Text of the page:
PROLOG, etc.) there are a number of schemes to improve its efficiency.
Such schemes, called *dependency-directed backtracking*, or sometimes
*intelligent backtracking* [Stallman and Sussman, 1977], can be
classified as follows:

These schemes control which variable to instantiate next or what value to choose among the consistent options.

**Variable ordering**: This approach tries to choose a variable that will make the rest of the problem easier to solve. This is usually done by choosing the variable involved in the most constraints.**Value ordering**: A value is chosen that will maximize the number of options available for future assignments.

These approaches control the decision of where and how to go back in case of dead-ends. There are two basic approaches:

**Go back to source of failure**: Try to change only those past decisions that caused the error, leaving other past decisions unchanged.**Constraint recording**: Record the "reasons" for the dead-end so that they will be avoided in future search.

Gashnig's "backjumping" [1979] is the best-known go-back scheme (q.v.). A simpler version jumps to the youngest ancestor constraining the dead-end variable.

Dependency-directed backtracking is also used in truth-maintenance systems (Doyle's RMS, 1979). It works as follows. A variable is assigned some value, and a justification for that value is recorded (and it may be simply that there is no justification for any other values). Then a default value is assigned to some other variable and justified. At this point the system checks whether the assignments violate any constraints; if so, it records that the two are not simultaneously accpetable, and this record is used to justify the choice of some other variable. This continues until a solution is found. Such a system never performs redundant backtracking and never repeats computations.

Constraint recording can be implemented by preprocessing the problem
or by recording constraints as they are encountered during search. The
most common approaches are *arc consistency* and *path consistency*.

Arc consistency deletes values of variables that have no consistent matches in adjacent (i.e., directly connected) variables. Path consistency records sets of forbidden value pairs when they can't be matched at some third variable.

Preprocessing for path consistency can
be expensive; O(n^{3}k^{3}) operations, while many forbidden
pairs would never actually be encountered. There are more efficient learning
techniques that process constraints as the search is performed.

[Dechter and Pearl, 1987] Another approach to improving backtracking
performance. The goal is to identify a set of nodes that, when removed,
leave a tree-structured (i.e., cycle-free) constraint graph. Once in tree
form, the CSP can be solved in linear time. This gives an upper complexity
bound on the complexity of CSPs -- if *c* is the size of some cycle
cutset, and we instantiate the variables in the cutset first, then the
complexity of the search is at most O(*nk ^{c}*), rather
than the O(

**Theorem [Freuder]**: A k-consistent CSP having a width (k - 1) ordering
admits a backtrack-free solution in that ordering.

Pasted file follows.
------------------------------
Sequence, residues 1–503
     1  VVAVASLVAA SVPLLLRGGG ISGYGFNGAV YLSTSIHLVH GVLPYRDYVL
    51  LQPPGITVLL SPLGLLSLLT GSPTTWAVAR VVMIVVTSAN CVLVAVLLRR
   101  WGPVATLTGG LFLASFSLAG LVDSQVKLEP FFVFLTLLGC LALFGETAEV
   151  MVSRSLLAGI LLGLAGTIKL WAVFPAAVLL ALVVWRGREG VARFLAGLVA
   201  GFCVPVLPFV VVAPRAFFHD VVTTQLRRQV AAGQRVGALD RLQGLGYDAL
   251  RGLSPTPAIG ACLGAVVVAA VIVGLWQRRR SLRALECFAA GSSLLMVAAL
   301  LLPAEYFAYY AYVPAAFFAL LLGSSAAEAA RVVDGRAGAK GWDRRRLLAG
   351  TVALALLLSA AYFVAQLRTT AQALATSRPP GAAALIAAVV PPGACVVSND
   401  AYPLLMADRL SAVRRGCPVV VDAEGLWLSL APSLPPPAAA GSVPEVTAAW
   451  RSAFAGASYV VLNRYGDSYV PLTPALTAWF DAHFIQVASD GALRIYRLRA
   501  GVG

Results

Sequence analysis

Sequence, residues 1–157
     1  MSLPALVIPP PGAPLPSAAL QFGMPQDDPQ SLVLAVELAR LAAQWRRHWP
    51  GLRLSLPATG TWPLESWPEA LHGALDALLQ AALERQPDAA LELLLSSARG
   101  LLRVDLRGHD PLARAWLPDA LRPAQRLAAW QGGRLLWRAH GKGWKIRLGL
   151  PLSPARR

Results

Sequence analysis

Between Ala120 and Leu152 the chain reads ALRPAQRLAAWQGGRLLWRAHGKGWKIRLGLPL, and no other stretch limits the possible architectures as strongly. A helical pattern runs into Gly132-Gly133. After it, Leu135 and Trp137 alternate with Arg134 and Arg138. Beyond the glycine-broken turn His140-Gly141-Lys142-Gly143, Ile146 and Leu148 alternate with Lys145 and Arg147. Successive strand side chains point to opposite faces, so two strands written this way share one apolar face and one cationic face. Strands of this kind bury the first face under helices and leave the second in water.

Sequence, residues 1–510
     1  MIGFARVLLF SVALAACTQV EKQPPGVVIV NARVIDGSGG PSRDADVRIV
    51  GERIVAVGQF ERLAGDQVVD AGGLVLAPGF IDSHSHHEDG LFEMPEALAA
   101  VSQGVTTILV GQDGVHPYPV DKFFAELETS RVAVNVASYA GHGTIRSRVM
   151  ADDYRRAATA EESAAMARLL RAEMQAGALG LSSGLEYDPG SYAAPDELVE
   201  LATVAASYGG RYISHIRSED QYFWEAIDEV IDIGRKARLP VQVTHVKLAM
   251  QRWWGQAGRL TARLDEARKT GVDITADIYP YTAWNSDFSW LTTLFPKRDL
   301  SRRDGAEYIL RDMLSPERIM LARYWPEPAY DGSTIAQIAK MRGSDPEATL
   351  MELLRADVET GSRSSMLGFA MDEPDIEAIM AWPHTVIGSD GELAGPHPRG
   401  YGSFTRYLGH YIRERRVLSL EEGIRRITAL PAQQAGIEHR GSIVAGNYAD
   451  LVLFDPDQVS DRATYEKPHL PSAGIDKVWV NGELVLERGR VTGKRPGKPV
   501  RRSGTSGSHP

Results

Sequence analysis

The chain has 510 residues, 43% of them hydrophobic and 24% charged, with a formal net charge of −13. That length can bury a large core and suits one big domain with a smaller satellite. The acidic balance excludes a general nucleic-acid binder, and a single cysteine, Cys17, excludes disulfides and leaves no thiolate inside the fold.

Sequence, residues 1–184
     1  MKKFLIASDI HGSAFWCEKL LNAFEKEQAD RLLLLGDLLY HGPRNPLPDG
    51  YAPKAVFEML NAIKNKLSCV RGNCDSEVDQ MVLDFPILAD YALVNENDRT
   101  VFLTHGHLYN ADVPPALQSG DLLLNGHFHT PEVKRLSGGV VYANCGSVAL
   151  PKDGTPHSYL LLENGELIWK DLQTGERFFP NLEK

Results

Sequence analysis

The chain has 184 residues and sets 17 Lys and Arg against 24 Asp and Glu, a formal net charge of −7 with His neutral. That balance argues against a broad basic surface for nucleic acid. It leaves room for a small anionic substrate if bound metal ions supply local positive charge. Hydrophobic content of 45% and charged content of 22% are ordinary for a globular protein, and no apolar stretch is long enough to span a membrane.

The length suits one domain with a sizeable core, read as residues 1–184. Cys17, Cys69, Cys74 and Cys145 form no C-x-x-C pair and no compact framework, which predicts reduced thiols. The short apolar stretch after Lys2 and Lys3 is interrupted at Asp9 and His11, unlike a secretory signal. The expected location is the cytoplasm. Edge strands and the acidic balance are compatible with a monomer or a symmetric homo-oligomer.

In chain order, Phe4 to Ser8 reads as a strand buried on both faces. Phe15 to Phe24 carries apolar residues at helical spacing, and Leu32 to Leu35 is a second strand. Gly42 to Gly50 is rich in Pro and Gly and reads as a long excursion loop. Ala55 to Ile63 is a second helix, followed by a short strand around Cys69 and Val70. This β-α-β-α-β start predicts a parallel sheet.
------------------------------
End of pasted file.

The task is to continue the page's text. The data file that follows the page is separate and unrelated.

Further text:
In particular, a graph of width 1 (i.e., a tree) that is arc consistent admits of backtrack free solutions; a graph of width 2 that is path consistent admits of backtrack free solutions.

Search proceeds outward from islands in the search space; this form of
search is usually from hierarchical planning.

[Newell, Shaw, and Simon, 1956] The Logic Theorist was a joint production of the RAND Corporation and CMU, designed to prove theorems in propositional calculus. It was one of the first programs to rely heavily upon the use of heuristics to guide search.

The Logic Theorist introduced the ideas of *forward chaining*
and *backward chaining* in the proof procedure. The general algorithm
it used was a blind, breadth-first search with backward reasoning.

[Newell, Shaw, and Simon, 1957] The successor to the Logic Theorist research, GPS had two main goals: to design a machine that could solve problems requring intelligence, and to learn how human beings solved problems.

Notable innovations in GPS were the clear distinction between problem-solving
knowledge and domain knowledge and the introduction of *means-ends
analysis* as a means of search.

Though GPS was meant to be general-purpose, it largely could solve problems only in the domain of logic; later extensions by Ernst allowed to solve problems in areas such as resolution theorem proving, symbolic integration, and a variety of puzzles.

[Sacerdoti, 1974] ABSTRIPS is an extension to the STRIPS system. It introduced
the idea of *hierarchical planning* as a way to handle combinatorial
explosion in the search space. The idea of hierarchical planning is to
try to solve a problem in the most general terms, and then refine the
plan to include details until eventually a fully-implementable plan is
reached.

More specifically, a simplified version of the problem is stated in a
*higher level **problem space*
or *abstraction space*, and the detailed, implementable version
in the *ground space*. This is obviously generalizable to more
than two levels of hierarchy.

Hierarchy was formed by giving each precondition on actions a *criticality
value*. The hierarchy was defined in terms of the criticality levels;
on the level of criticality *n*, all operators of criticality less
than *n* were ignored.

Search in ABSTRIPS used means-ends analysis, as GPS. The search strategy
could be described as *length-first*, as a complete plan is formed
at one level before being refined at a deeper level.

`Ronny Kohavi, AI Qual Note #7: Search Methods. `

`Pearl and Korf, Search Techniques. `

`Ginsberg, Introduction to Artificial Intelligence. `

`Kumar, Algorithms for Constraint-Satisfaction Problems: A Survey.
`

`Feigenbaum and Cohen, Handbook of AI. `

See the AI Qual Reading List for further details on these sources.